Two men on a mission to retrieve a cell phone had to be rescued during Sunday night’s snowstorm after their truck became stranded on a snowmobile trail in the woods of northern Hancock County.
The Maine Warden Service said Steve Goodell and Mike Noyes, both of Glenburn, were attempting to get back to Nicatous Lodge on Nicatous Lake by way of the 25-00-0 Road off the Stud Mill Road. The 25-00-0 is known locally as the “twenty-five thousand road.”
Unbeknownst to the men, part of the 25-00-0 Road is unplowed in winter and becomes a snowmobile trail, according to a release from the Department of Inland Fisheries and Wildlife.
The men called for help around 8:45 p.m. Sunday when Goodell’s Toyota truck became stuck about 10 miles up the road near Deer Lake in Township 34. The men told wardens they had been unable to turn around earlier.
Conditions on the trail were so treacherous that the responding warden, Bruce Loring, had trouble making it through the blinding snow on a snowmobile.
Loring said visibility was so poor that he drove off the trail several times, but that a GPS mounted on his sled helped him navigate through the storm. The driving snow had completely covered the truck’s tire tracks, Loring said.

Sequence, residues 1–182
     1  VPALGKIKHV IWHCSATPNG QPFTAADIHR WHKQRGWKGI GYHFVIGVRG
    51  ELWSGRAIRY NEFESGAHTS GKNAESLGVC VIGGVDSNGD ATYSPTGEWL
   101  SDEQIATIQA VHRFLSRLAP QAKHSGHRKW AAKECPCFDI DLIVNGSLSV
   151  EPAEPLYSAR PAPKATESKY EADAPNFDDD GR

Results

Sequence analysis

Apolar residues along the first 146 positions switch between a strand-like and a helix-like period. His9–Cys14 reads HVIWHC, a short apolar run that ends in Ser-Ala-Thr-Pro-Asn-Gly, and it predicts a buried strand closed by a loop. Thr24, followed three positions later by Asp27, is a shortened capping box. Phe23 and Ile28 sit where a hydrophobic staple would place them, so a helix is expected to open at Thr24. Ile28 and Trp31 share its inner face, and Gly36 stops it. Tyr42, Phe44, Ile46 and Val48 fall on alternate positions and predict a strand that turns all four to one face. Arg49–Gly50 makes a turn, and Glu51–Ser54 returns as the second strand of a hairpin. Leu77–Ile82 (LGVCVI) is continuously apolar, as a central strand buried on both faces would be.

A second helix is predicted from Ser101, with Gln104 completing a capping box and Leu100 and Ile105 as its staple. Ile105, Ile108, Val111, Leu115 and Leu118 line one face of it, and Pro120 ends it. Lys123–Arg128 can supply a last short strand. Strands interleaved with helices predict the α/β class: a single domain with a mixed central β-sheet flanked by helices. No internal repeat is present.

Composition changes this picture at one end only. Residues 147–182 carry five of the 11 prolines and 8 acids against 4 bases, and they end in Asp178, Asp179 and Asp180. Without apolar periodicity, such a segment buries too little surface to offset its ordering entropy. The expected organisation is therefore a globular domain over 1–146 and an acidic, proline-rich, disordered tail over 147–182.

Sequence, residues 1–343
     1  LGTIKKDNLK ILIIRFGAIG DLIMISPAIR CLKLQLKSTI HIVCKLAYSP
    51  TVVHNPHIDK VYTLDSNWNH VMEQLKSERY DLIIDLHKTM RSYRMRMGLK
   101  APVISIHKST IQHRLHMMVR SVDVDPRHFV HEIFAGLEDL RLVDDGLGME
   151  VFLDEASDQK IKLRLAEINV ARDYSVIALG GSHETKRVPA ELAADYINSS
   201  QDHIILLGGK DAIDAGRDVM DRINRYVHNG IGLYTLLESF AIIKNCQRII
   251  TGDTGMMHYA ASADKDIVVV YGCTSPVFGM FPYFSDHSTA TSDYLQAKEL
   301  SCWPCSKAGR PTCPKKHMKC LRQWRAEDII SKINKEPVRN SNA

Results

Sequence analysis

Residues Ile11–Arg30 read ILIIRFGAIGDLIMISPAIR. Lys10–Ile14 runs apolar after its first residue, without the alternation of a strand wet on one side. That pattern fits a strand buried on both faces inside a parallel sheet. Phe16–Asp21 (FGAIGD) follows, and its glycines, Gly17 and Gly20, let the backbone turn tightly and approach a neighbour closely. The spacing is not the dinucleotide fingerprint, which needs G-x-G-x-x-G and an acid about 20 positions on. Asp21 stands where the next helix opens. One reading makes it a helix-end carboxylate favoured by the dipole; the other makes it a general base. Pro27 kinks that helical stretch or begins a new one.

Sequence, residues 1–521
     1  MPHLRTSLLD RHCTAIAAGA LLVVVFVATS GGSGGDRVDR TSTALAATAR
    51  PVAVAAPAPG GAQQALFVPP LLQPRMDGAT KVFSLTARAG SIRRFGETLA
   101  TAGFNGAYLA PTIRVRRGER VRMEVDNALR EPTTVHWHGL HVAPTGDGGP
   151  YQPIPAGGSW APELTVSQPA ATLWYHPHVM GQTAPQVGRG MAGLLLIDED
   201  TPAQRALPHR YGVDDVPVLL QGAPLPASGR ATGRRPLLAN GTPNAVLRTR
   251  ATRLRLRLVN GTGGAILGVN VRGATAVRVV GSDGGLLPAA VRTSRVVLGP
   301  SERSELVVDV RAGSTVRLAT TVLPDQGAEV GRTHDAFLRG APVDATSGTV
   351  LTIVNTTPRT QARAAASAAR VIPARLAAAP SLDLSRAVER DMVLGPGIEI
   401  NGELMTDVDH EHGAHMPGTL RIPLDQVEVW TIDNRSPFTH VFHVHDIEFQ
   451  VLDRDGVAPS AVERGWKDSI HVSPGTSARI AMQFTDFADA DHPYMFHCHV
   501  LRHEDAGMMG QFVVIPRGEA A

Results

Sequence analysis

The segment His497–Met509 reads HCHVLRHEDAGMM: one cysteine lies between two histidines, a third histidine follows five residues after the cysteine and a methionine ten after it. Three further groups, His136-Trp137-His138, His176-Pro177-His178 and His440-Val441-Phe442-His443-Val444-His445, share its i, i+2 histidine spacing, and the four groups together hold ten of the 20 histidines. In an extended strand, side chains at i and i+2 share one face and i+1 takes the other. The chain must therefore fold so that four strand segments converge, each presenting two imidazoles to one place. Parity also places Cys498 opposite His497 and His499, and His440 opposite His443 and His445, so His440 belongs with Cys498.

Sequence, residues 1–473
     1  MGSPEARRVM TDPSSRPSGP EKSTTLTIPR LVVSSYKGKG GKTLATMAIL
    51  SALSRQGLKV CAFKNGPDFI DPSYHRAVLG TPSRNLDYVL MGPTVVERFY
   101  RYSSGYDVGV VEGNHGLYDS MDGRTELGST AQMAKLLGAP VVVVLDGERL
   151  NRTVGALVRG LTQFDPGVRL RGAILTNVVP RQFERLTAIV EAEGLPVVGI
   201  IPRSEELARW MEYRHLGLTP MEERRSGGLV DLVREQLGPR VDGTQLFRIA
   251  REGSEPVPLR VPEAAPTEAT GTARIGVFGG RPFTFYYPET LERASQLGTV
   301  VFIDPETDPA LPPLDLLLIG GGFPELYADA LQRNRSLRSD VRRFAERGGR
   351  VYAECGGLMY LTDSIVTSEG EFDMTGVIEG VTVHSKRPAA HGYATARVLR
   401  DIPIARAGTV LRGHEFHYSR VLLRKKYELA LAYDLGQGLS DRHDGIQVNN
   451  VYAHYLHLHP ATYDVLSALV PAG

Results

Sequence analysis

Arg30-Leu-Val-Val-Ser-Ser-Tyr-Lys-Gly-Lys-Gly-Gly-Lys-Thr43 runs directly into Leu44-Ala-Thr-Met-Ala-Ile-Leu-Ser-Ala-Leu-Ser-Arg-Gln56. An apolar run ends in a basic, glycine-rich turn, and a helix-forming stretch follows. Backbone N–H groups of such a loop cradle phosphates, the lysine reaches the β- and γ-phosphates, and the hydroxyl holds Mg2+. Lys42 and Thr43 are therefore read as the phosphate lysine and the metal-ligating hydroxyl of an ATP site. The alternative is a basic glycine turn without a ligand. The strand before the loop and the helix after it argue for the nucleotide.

By the time Loring reached the men, their truck was running low on gas and their cell phone battery had died. DIF&W’s release said the men, who also had a dog in the truck, were wearing only sweat shirts, pants and shoes.
“I’m very thankful that they didn’t decide to leave the truck,” Loring said in an interview. “The conditions were horrendous last night and I don’t think they would have gotten very far the way they were dressed.”
After filling the truck with some gas and supplying the men with extra clothing, Loring took the two men out one at a time. The dog caught a ride on the first trip out by sitting on the man’s lap.
“Fortunately, she was a very good dog,” Loring said.
The entire rescue took more than four hours, according to DIF&W.
DIF&W spokeswoman Deborah Turcotte said Goodell faces a $100 fine for driving a motor vehicle on a snowmobile trail, which is a civil offense.